type simple_addition

The %#codegen directive in this function indicates that the MATLAB code is intended for code generation.

Task 2 - Generate PIL MEX Function from command line

The following steps provide commands to generate code and a library for a MATLAB function to verify on STM32F4-Discovery board.

Step 1: Create a coder.EmbeddedCodeConfig object to generate code and create a library for MATLAB function simple_addition.

config = coder.config('lib','ecoder',true);

Step 2: Configure the object for PIL.

config.VerificationMode = 'PIL';

Step 3: Specify the hardware on which the generated code to be verified.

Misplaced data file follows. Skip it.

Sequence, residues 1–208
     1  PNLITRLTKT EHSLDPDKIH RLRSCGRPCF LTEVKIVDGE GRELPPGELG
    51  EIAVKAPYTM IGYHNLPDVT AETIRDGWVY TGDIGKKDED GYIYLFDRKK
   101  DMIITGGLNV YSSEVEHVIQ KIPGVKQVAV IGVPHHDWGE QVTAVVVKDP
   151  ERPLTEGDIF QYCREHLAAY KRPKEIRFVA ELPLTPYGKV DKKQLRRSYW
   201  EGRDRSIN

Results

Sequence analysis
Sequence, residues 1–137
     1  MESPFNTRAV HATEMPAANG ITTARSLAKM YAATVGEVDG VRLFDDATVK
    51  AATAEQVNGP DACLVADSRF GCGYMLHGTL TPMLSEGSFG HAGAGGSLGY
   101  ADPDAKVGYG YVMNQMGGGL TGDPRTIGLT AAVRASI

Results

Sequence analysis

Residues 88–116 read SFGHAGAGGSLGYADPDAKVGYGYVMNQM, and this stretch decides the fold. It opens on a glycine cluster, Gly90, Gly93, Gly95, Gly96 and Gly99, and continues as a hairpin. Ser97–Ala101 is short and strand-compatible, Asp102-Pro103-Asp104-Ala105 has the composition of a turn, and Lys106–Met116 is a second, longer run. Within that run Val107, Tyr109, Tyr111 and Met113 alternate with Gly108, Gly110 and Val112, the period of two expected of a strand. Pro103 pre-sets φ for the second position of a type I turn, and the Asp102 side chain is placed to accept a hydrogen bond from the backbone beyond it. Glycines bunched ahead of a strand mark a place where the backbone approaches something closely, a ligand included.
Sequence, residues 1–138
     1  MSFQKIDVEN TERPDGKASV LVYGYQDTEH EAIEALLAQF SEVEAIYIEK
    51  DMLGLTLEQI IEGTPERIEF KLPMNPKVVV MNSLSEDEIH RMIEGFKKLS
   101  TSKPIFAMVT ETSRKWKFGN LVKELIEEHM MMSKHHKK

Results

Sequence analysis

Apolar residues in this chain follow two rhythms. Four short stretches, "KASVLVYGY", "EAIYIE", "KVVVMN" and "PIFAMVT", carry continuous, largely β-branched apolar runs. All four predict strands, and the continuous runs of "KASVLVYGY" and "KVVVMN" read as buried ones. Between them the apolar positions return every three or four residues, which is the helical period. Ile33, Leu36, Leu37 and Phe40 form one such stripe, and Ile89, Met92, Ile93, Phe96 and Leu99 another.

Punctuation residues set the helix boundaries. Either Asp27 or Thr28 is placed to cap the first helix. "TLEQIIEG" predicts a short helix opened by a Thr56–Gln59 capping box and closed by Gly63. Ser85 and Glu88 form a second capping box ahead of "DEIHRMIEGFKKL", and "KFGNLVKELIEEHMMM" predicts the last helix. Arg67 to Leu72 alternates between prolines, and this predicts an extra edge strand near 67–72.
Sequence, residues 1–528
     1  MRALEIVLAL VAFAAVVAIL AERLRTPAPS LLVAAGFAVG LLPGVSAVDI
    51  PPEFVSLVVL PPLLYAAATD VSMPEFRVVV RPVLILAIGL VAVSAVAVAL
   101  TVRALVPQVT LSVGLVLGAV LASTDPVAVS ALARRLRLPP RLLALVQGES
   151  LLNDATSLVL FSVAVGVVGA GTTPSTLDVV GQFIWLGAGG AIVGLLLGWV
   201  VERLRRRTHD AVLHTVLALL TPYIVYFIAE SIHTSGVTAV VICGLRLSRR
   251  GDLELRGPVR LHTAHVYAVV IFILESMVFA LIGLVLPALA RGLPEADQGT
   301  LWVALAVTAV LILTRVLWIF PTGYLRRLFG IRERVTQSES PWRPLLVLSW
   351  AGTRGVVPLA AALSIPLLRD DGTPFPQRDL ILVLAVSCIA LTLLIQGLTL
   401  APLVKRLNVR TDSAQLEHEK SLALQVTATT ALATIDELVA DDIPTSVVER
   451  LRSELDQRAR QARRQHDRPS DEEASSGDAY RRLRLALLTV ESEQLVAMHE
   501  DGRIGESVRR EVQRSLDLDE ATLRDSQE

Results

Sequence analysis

config.Hardware = coder.hardware('STM32F4-Discovery');

Step 4: The STM32F4-Discovery board supports two different communication interfaces for PIL, namely ST-LINK and Serial (USART2). The ST-LINK communication interface does not require any additional cables or hardware besides a USB type A to Mini-B cable used to connect the STM32F4-Discovery board to the host computer. The serial communication interface requires a USB TTL-232 cable. Running a PIL simulation using the serial communication interface is much faster than the running a PIL simulation using 'ST-LINK'. We recommend using the serial interface 'Serial (USART2)' for PIL whenever possible.

To choose 'ST-LINK' as PIL commnunication interface, below is the step:

config.Hardware.PILInterface = 'ST-LINK';

To choose 'Serial (USART2)' as PIL commnunication interface, below are the steps.

config.Hardware.PILInterface = 'Serial (USART2)';
config.Hardware.PILCOMPort = 'COM28';